Notes on being back in New York City
When my friend Aly and I got together earlier this year in our new sunny chosen locale of Southern California, we reminisced on our time living together in Brooklyn: the rat we discovered living under our kitchen sink whom we christened Rhombus (after literally duct taping our cabinet shut), the brief moment in time in which we were very impressed by bottle service at clubs in the Meatpacking District, the many slices of late-night pizza and early-morning bagel and coffee runs, the Saturdays spent on the rickety subway out to the Rockaways with beach bags packed with too many cheap cans of beer and not enough sunscreen.
Looking back, one of the things we were most grateful for was simply the experience of having lived in New York City. We will forever feel at home in this city, will forever instinctively know uptown and downtown and how to avoid Times Square. Even if I’ll never be able to call myself a New Yorker, living in the city for five years still shaped me into who I am.
And that calm confidence in knowing New York City has translated into a capable spirit of navigating the rest of the world. If I managed to show up in New York City when I was 24 years old with a suitcase, no job and zero big city experience: I can certainly figure out a different subway system or cobble my way through a foreign language for a week.
But before I boarded the plane to JFK last week, I was nervous. Would I fumble my way through the subway turnstile or board the wrong train? Would I suggest restaurants that were closed, or worse, hopelessly out of style? Would New York City feel foreign and overwhelming instead of like my former home? Would I be too cold? Would I regret ever moving or would I be kicking myself for scheduling an entire three weeks in the city?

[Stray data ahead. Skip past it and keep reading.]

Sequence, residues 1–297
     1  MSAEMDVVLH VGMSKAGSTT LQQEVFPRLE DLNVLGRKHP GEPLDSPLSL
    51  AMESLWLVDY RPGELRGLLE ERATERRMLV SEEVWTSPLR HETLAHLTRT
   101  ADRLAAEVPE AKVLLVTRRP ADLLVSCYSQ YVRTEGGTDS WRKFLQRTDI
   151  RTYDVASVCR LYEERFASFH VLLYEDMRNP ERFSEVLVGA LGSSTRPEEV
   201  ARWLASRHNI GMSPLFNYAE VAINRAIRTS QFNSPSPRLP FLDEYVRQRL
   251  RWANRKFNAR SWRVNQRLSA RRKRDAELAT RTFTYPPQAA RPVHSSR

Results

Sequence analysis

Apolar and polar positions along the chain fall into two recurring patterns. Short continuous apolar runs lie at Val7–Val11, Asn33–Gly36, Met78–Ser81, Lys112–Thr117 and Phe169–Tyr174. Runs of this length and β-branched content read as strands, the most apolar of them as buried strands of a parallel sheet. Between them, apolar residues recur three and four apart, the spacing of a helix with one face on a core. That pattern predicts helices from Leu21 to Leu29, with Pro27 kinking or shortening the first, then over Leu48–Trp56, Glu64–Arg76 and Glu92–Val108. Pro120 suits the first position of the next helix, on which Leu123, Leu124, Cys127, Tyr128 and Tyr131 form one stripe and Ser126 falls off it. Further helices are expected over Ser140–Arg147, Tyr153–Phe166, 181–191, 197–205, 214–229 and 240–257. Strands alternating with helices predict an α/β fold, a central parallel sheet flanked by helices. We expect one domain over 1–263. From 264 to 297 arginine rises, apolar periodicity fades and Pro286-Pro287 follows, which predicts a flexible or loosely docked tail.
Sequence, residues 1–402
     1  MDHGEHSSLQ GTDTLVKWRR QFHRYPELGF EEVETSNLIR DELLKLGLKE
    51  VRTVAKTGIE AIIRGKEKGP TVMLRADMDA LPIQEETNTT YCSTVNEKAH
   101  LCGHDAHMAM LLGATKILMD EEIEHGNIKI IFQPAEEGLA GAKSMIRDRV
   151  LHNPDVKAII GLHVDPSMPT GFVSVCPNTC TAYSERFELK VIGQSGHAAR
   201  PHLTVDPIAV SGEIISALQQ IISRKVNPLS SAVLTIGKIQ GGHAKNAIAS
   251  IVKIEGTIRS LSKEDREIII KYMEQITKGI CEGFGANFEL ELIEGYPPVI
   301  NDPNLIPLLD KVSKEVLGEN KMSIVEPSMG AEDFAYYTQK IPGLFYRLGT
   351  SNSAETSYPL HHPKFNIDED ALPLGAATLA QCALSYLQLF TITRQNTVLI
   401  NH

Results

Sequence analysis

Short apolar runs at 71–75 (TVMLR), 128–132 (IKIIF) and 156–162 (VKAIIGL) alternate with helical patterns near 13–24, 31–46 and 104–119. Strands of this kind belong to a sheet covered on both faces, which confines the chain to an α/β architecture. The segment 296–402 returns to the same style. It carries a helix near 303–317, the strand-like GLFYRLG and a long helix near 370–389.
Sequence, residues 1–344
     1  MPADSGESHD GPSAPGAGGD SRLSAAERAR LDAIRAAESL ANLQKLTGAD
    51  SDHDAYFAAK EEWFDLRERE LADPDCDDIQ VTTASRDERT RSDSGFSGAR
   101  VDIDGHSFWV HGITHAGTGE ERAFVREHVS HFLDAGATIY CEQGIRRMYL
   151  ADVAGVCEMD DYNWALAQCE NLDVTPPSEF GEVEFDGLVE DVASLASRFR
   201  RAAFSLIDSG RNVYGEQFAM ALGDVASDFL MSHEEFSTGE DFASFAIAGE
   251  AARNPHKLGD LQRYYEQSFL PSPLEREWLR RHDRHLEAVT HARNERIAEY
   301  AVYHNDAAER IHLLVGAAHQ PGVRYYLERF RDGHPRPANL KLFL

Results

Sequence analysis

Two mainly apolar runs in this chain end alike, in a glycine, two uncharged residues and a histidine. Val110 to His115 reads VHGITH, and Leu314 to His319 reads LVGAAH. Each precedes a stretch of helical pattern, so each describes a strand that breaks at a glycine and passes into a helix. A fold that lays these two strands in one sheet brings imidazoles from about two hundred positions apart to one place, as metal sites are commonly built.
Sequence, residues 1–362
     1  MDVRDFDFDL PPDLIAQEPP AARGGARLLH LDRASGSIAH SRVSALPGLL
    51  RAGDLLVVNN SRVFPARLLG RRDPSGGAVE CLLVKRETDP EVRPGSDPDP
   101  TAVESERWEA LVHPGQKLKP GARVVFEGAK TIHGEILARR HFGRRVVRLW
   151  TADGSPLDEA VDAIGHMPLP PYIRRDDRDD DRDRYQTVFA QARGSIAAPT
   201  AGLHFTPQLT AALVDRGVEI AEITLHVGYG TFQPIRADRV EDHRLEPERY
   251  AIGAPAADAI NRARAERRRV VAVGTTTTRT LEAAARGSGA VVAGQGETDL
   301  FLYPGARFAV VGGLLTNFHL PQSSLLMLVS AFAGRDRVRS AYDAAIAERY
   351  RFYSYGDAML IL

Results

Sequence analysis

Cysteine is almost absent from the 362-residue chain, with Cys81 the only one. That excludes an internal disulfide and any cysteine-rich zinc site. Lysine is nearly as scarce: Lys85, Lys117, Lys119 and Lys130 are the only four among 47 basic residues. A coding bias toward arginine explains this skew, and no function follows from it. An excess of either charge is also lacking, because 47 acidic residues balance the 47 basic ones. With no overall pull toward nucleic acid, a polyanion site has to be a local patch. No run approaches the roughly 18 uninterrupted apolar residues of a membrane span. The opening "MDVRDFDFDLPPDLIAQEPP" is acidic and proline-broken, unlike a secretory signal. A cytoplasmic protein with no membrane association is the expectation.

Being back has been easier than I anticipated. My pace quickened, my headphones popped in, my muscle memory kicked in to effortlessly slide my MetroCard through without holding up the line behind me. I don’t miss living here, not exactly. I miss my friends and all of the delicious carbs and walking down Broadway and maybe just being able to say that I live in NYC. And maybe I miss a little of that magic, especially around Christmas time: that serene silence when the snow softly falls over the city, the glow of the lights twinkling above the sidewalk Christmas tree stands, sinking into a no-nonsense booth with a mug of the most decadent hot chocolate and homemade marshmellow to warm your hands from the outside chill.
For all of the surface changes that are forever happening in this city–the pop-up shops and hipper-than-thou restaurant openings and Instagram-craze-inducing art galleries–I’ll always be able to find a slice of quiet on the Pool in Central Park or in the garden at St-Luke-in-the-fields or in the Rose Room at the New York Public Library. I can lose myself in the pressing crowds in Grand Central or on Fifth Avenue, and slip into the gaggle of wide-eyed and awe-filled tourists beneath the Empire State Building or at the base of the World Trade Center. I can catch up with the greatest of friends over lattes in sunlight-drenched Aussie cafes, or over glasses (bottles?) of wine in cozy, oak-paneled haunts in West Village.
I saw Lady Bird a few weeks ago, and sobbed through the entire thing. So much of the film resonated with me: not just the growing up in Sacramento part, but also that desire to leave “the Midwest of California” behind for the sophisticated allure of the East Coast. I felt just as nostalgic for the brownstones of the West Village as I did for the exquisite mansions of the Fab Forties when they flashed on the screen.
Coming back to New York City after months away has given me back that sense of wonder this city can invoke. It’s not dulled by delayed subways and bad landlords, or softened by unremarkable routines. The city is both novel and yet familiar, and I’m grateful to no longer take its magic for granted–even if it’s only for three chilly weeks.